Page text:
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To the Editor:
When a sewage backup led to major flooding in my West Hartford neighborhood in October of 2018, my family and neighbors struggled through waist-high water in our homes and yards. Our lives were disrupted, property ruined and keepsakes destroyed. We were exhausted, both emotionally and physically, but optimistic that our infrastructure deficiencies would be properly addressed and corrected by the Town of West Hartford and the Metropolitan District Commission (MDC).
As a small business owner in the construction and real estate fields, I pride myself on my knowledge of how things work. When the initial flooding occurred, I researched extensively about our local stormwater and sanitary sewer system infrastructure and what I found was surprising and unexpected. I learned that on a regular day, the MDC wastewater treatment plant treats on average 9 million gallons of sewage from West Hartford, but on a day with heavy rain, they treat 62 million gallons. I learned that the sanitary sewer system is on average 88 years old and that there is an MS4 mandate from the Federal EPA and State of Connecticut DEEP that requires the MDC and local municipalities to prevent SSO’s or Sanitary Sewer Overflows. SSOs occur when heavy rains inundate the sanitary sewer with storm water and cause water to flow out of the sewers and into our basements, rivers and streams. But the most surprising thing I learned was that the Town of West Hartford would ultimately be responsible to provide and pay up to $500 million to build the storm sewer infrastructure.
In the spring of 2019, after the MDC finished lining the sewer pipe on our street, and things seemed back to normal, we asked the town leaders about their plans for a permanent solution to the storm water problem. They did not have an answer. In response, I helped organize the neighborhood residents and we called a town hall meeting to address the matter. My goal was not to complain about the little things, but to come to a long-term resolution in conjunction with the town of West Hartford and the MDC. We addressed the situation to make permanent structural changes. As a result, the town commissioned a study to find permanent long-term solutions. That study is expected to last for two years and cost over $200,000.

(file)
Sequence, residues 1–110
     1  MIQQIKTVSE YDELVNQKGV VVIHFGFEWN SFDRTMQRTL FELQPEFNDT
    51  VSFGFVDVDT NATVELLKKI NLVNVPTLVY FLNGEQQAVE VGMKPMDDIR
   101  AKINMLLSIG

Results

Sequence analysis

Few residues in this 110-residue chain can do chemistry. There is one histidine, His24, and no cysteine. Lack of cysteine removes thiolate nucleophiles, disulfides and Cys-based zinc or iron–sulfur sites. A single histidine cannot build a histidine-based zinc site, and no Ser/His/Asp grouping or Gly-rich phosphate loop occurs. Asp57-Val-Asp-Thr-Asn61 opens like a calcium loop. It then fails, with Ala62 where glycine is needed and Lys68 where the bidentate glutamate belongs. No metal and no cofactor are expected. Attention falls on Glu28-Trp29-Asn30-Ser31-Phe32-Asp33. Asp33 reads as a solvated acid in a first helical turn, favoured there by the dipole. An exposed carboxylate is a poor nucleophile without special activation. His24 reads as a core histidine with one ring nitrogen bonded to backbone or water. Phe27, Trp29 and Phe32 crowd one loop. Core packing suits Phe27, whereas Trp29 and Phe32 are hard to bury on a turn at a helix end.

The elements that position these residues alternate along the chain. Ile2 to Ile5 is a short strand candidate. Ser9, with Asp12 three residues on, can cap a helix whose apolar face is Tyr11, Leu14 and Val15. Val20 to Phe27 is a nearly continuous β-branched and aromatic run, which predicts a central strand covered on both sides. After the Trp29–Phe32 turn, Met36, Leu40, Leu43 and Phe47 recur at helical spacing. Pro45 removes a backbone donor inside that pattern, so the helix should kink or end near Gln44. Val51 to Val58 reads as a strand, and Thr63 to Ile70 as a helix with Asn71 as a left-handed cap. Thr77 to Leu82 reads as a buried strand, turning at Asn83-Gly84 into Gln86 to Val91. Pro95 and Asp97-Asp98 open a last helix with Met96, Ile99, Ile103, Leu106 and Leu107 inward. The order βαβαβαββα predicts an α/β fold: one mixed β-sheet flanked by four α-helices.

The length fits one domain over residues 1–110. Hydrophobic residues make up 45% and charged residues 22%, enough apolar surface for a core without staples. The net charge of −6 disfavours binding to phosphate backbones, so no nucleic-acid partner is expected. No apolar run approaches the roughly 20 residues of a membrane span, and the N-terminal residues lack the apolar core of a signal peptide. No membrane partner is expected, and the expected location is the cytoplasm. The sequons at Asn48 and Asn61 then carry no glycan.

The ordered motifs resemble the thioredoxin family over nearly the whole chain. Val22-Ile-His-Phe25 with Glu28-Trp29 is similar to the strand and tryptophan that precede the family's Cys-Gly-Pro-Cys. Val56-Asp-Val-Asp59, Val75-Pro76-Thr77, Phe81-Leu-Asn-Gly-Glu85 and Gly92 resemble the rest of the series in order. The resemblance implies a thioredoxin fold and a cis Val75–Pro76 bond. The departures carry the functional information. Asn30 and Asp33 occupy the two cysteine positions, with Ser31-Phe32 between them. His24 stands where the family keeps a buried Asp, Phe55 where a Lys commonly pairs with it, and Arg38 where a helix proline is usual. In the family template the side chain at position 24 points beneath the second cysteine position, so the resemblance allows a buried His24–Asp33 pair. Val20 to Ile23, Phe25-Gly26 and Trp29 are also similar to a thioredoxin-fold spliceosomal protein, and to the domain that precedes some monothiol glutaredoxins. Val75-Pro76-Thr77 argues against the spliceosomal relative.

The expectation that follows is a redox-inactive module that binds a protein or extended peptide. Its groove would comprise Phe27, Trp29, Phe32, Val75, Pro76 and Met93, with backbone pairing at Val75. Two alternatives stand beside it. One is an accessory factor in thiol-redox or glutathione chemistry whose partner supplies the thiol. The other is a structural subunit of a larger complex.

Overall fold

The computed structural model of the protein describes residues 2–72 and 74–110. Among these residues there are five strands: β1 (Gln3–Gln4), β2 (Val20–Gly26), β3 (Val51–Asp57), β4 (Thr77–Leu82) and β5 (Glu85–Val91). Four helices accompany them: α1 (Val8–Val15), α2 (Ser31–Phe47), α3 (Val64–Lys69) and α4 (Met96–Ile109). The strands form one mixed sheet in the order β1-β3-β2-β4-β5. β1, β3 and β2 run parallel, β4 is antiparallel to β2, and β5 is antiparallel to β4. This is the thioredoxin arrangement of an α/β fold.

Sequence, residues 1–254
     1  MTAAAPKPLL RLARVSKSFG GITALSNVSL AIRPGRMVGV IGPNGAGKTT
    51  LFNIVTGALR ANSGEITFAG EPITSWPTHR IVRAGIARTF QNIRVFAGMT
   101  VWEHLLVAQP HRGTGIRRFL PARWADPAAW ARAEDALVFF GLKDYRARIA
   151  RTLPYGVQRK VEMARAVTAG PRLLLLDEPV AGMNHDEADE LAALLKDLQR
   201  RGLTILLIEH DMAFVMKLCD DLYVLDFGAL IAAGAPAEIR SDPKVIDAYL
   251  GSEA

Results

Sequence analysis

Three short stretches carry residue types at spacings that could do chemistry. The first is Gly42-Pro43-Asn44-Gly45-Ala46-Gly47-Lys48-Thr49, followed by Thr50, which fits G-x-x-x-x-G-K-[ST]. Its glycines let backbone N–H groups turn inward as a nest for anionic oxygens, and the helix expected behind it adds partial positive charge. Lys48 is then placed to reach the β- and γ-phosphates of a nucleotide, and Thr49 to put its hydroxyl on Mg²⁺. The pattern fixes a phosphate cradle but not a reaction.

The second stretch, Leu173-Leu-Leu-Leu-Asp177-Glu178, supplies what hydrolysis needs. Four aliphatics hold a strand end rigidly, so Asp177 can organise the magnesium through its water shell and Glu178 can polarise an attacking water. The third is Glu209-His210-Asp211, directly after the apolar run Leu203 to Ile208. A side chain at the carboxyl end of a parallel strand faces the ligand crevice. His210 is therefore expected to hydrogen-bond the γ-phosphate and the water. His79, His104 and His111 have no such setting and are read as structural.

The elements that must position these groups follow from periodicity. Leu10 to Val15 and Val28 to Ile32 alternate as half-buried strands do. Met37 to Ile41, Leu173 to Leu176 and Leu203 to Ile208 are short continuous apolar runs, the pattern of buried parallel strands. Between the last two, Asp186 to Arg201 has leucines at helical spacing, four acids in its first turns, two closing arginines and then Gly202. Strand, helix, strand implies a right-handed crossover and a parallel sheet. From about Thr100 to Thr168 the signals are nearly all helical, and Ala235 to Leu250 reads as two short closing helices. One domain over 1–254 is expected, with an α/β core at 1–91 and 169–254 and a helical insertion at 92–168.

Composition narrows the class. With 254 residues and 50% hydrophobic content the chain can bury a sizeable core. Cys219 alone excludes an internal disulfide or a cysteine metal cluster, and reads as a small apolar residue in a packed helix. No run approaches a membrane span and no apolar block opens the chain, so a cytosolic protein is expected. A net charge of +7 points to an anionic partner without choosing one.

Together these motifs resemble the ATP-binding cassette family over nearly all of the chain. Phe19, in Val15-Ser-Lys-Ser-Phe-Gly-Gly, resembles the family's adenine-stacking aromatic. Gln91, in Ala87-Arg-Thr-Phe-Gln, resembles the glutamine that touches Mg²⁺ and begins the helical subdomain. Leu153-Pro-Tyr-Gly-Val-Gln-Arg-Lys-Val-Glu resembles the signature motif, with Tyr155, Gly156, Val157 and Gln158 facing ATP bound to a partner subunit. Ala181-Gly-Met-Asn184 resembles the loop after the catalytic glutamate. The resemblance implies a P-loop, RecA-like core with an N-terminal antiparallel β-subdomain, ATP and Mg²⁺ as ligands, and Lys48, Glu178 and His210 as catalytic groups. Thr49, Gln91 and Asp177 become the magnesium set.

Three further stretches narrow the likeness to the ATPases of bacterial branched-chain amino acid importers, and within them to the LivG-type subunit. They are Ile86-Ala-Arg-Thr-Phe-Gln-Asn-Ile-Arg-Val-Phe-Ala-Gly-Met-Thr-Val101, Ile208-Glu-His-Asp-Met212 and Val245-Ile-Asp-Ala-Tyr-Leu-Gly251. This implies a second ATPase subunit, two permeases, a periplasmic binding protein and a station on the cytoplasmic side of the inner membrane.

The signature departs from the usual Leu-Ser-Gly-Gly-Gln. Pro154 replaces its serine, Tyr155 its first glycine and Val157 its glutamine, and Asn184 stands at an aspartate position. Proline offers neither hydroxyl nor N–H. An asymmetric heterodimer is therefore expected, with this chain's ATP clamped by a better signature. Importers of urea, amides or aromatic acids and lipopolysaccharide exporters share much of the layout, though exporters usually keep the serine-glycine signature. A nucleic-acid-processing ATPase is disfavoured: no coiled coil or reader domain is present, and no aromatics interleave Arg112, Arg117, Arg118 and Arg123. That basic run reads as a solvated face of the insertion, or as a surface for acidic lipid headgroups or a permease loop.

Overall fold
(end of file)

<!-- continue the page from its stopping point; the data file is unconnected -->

Additionally, we are now seeing the benefit of my effort in the form of the adoption of the “Integrated Plan.” This is a long-term plan that will offer a regionalized approach to solving this large and costly project. The plan, proposed by the MDC and unanimously adopted by the West Hartford Town Council after my testimony on its behalf, was my first political victory.
I knew though, that if I wanted to affect positive change, I could not sit back. I needed to be proactive and speak up. In June of 2020 I was rewarded for my hard work and advocacy when nominated by the West Hartford Republican Town Committee, and then unanimously approved by the Town Council, to be a Commissioner of the MDC.
I have continued to learn from our town’s residents about their needs and concerns while knocking on hundreds of doors during this current election cycle. Listening to people vocalize their problems has made me a better advocate on their behalf. I work to solve problems by putting people first. I will continue to bring the same energy and focus to solving the problems unique to the 18th District, such as fixing the current blight at the site of UConn’s former West Hartford Campus, addressing the high cost of energy prices and helping Connecticut achieve its full economic and social potential.
I am running for Connecticut State Representative in West Hartford’s 18th District. I want to be your advocate on issues important to our district, town, and state. I am asking for your support this November.
Rick Bush, a small business owner, landlord, and MDC Commissioner is running for Connecticut State Representative in West Hartford’s 18th District. He and his wife are longtime West Hartford residents, and their four children attend West Hartford public schools and UConn. In his spare time, Rick helps neighbors and friends with advice about home repairs and is a volunteer youth coach for soccer and basketball.